Today is the 10th Anniversary of the release of Christopher Nolan’s The Dark Knight. It’s hard to believe that this film came out 10 years ago, when I was only 10 years old!
The Dark Knight surrounds Batman (Christian Bale) when a new foe named the Joker (Heath Ledger) wrecks total havoc on Gotham City. With the help of Jim Gordon (Gary Oldman) and the district attorney, Harvey Dent (Aaron Eckhart), they do their best to stop the Joker and the chaos erupting all over Gotham.
The Dark Knight is generally considered to be the best comic book movie of all time, and that holds true to this day. While it may not be my favorite comic book film, it is no doubt the best made, best directed, the most prestigious, and has the best performance out of any comic book film thus far.
Heath Ledger gave one of the most iconic performances of film history in his role as the Joker. And while it’s sad that he died before he knew this, I think it adds to his legend. While I liked him as the hunky Patrick in 10 Things I Hate About You, this role really showed his range. Christian Bale continues his great performance as Batman/Bruce Wayne. And Aaron Eckhart does fantastic in his transformation to likable Harvey Dent to villainous Two Face.
This movie solidified Christopher Nolan as being of the best directors in recent memory. He was already on his way to greatness with his film Momento, but this Dark Knight trilogy gave him the fame and recognition that he deserves.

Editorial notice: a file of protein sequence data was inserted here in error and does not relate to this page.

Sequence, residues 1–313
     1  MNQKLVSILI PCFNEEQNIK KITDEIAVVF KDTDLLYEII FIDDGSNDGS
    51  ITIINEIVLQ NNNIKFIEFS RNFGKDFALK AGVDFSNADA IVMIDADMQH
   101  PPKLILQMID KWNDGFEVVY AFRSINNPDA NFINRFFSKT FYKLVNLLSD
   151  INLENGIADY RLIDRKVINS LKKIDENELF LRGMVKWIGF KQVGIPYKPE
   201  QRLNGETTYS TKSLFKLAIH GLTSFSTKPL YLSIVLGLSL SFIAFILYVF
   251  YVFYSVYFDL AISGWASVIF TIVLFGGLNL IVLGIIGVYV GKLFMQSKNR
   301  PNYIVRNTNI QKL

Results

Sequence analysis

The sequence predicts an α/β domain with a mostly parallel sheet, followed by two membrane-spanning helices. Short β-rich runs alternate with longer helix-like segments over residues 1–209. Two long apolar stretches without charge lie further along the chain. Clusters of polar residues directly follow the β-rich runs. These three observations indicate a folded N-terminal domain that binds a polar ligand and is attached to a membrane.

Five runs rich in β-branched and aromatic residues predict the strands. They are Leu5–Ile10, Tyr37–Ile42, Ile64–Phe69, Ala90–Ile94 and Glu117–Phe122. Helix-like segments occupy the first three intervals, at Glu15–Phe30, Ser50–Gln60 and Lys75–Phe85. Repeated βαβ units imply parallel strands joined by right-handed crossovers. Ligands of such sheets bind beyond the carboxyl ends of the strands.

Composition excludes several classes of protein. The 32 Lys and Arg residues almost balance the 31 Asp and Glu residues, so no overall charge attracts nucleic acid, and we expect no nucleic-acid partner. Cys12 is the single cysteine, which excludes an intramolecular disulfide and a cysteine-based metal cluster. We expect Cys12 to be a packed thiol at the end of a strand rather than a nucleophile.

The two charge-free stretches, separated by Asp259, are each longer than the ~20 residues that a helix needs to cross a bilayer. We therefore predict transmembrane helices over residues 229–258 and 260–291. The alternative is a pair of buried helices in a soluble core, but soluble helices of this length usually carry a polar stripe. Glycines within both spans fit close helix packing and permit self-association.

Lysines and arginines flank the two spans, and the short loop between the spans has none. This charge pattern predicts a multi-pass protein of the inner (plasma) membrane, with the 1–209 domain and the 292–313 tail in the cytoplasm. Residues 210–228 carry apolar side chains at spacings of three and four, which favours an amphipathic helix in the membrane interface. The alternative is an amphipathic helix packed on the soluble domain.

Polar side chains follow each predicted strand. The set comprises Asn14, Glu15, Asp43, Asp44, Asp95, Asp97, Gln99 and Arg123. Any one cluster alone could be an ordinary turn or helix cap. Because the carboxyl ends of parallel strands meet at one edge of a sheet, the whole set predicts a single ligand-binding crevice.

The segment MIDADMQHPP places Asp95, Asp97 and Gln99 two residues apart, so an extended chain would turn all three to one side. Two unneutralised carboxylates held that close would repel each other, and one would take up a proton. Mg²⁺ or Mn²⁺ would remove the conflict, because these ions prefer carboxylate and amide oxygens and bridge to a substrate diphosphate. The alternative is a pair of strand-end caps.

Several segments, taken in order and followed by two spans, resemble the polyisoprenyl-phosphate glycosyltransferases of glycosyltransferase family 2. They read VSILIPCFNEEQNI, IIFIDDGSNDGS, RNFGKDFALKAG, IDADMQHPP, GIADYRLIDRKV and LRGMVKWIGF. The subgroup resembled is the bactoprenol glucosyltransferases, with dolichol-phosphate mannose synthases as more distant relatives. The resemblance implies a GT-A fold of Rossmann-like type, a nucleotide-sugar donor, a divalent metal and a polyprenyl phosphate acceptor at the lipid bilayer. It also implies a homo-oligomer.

However, no film is perfect, and this film does have some flaws though they are very minor. First, when Heath Ledger isn’t on screen, the film isn’t as captivating, and while that isn’t bad, the finale with Two Face isn’t as high stakes as it wants to be. Mainly because we, the audience, know that Batman is going to come save the day. With the Joker, because he was so cunning and neurotic, Batman couldn’t always be the hero because Joker was so unpredictable. Two Face, on the other hand, is a predictable villain in this film. The use of technology to hack into every cell phone to find the Joker is very morally questionable, and a huge invasion of privacy, I feel that they could have done something else to find him. Another minor grip is that I don’t really understand the scene where they are shooting bullets into bricks to try to digitally recreate it and grab a fingerprint – it doesn’t make any sense.
I give The Dark Knight an A.